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Science Editing > Volume 7(1); 2020 > Article
Chang: Report on the Crossref LIVE19 annual meeting
Date: November 13–14, 2019
Venue: Tobacco Theater, Amsterdam, the Netherlands
Theme: Have your say
Organizer: Crossref
Crossref’s 2019 annual meeting was held in Amsterdam, the Netherlands, on November 13 and 14. At this meeting, Crossref celebrated its 20th anniversary and took the opportunity to look back on the last 20 years and to explore, together with the participants, the directions that Crossref should take in the rapidly changing environment of scholarly research and communications (Fig. 1).
The first day of the event began with a glimpse of Crossref’s history from its inception to today, presented by Ed Pentz, Crossref’s Executive Director. This was followed by a presentation entitled “Perceived value of Crossref” by Ginny Hendricks, Director of Member and Community Outreach. She explored perceptions of Crossref, its mission, and its services through telephone interviews and surveys. Based on the results, she presented Crossref’s value in the field of scholarly communications as an infrastructure organization, metadata distributor, open scholarship supporter, and community hub. Next was Ed Pentz’s presentation on “Strategic scene-setting.” He briefly addressed the following issues: the evolution of Similarity Check services, adding preprint as a content type, membership growth by fee tier by year, the distribution of revenues (comparing 2011 to 2019), total registered content distribution by annual membership fee tier, average time spent by constituency, and income and expense history during 2010–2019.
The next session was composed of “In their own words” talks, for which members were divided into five groups: large publishers, medium publishers, small publishers, research funders, and academic groups. Representatives of each group talked about Crossref’s role and their desires for Crossref’s future vision. One of the most impressive talks was “Crossref’s value in an era of open science,” presented by Todd Toler of Wiley. He defined Crossref’s value in four ways: first, Crossref is in a unique position to solve major problems in the field of research communications; second, publishers are in greater need of cooperation, shared infrastructure, and standards than ever before; third, Crossref’s revenue growth is driven by content deposition fees, but its ambitions are increasingly driven by the goal of providing infrastructure beyond its core linking service; and fourth, the sustainability of Crossref ’s future growth depends on aligning its roadmap with its funding sources.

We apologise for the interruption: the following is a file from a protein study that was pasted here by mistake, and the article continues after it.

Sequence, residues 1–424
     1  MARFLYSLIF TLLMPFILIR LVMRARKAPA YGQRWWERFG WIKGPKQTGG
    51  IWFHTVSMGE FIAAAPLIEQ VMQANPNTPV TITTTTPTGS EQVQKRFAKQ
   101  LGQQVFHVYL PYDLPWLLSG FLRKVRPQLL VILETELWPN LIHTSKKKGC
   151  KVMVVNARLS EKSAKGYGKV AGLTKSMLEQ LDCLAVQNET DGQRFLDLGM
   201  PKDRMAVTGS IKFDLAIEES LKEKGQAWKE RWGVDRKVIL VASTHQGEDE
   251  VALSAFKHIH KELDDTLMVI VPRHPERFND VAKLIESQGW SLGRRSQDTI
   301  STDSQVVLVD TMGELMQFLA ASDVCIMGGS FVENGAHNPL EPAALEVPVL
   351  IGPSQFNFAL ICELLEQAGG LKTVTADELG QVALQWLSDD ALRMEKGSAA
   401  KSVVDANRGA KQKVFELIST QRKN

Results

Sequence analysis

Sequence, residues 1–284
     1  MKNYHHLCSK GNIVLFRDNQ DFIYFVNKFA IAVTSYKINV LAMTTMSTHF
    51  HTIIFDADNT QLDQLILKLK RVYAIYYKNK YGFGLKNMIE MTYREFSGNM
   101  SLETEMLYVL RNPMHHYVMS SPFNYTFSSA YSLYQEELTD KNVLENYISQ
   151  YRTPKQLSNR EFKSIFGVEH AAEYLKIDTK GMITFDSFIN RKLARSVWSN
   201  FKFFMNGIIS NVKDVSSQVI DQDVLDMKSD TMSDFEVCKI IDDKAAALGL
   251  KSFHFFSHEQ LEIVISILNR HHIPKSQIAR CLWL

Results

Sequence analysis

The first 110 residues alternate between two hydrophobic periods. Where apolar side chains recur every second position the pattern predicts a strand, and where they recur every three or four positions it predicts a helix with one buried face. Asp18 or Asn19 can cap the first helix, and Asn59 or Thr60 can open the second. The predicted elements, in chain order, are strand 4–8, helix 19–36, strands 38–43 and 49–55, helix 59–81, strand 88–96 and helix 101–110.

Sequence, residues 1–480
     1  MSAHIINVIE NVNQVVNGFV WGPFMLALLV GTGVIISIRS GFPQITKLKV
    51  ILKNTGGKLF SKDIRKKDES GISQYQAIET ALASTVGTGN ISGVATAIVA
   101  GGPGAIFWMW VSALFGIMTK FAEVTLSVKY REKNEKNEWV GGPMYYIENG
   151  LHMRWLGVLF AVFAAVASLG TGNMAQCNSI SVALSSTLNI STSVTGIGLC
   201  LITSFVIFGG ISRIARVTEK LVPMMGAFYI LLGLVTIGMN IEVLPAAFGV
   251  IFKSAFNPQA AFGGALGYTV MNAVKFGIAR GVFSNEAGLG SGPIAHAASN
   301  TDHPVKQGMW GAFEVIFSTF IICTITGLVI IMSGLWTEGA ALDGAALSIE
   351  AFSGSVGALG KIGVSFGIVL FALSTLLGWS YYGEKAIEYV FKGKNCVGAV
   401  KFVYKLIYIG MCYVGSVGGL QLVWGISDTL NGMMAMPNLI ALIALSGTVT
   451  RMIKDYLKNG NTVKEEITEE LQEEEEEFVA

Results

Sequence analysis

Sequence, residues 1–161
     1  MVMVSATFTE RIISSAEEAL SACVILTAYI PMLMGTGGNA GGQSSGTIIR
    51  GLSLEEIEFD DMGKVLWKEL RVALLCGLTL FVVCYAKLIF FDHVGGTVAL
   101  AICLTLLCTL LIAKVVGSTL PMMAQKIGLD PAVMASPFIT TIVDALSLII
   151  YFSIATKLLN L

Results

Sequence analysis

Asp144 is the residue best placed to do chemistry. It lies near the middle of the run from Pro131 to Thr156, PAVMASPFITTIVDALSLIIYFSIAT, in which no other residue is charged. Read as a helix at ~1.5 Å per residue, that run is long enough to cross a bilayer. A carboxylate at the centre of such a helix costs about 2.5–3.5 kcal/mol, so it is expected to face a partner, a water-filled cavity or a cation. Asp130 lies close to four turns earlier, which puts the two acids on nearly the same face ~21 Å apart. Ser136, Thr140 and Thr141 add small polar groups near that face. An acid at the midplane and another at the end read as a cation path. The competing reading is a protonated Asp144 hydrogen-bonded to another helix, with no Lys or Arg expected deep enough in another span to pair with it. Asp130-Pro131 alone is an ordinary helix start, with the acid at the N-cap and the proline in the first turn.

Another interesting talk was “Researcher and metadata user view” by Ludo Waltman from the University of Leiden, who represented the perspective of academic researchers. He introduced some examples of how Crossref’s data are used in academic fields and drew sympathy from many participants by presenting the following recommendations: first, it is necessary to ensure that basic infrastructure works well; second, Crossref should work together with publishers to increase the completeness of metadata (abstracts, affiliations, license data, etc.) and participate in initiatives to improve and enrich metadata; and third, fair models should be developed for funding and sustaining such initiatives.
On day 2, a roundtable discussion continued throughout the day. The participants were divided into 11 discussion groups of about 10 people each. They discussed topics based on an examination of the 2018–2019 annual report, entitled “Fact File” [1]. After an exchange of viewpoints, the facilitator of each group presented the results of the discussion. In more detail, the process was as follows. First, given the discussion topic, each participant wrote three critical points on each of three sticky notes. Then, the participant summarized the three items aloud, one by one, and placed each sticky note in the middle of the table. If the same opinion was shared by other group members, multiple sticky notes were all placed together. Sticky notes representing the same view were stacked in the middle of the table, and the number of the same opinions was counted. The opinion with the highest number of sticky notes was identified as the representative opinion of the discussion group. That opinion was presented to all participants. Each group created a presentation in a Google slide. The session organizer shared the updated files in real time with all participants. There was no single correct answer in the discussion, but it provided an opportunity to hear what the other participants thought and to share thoughts.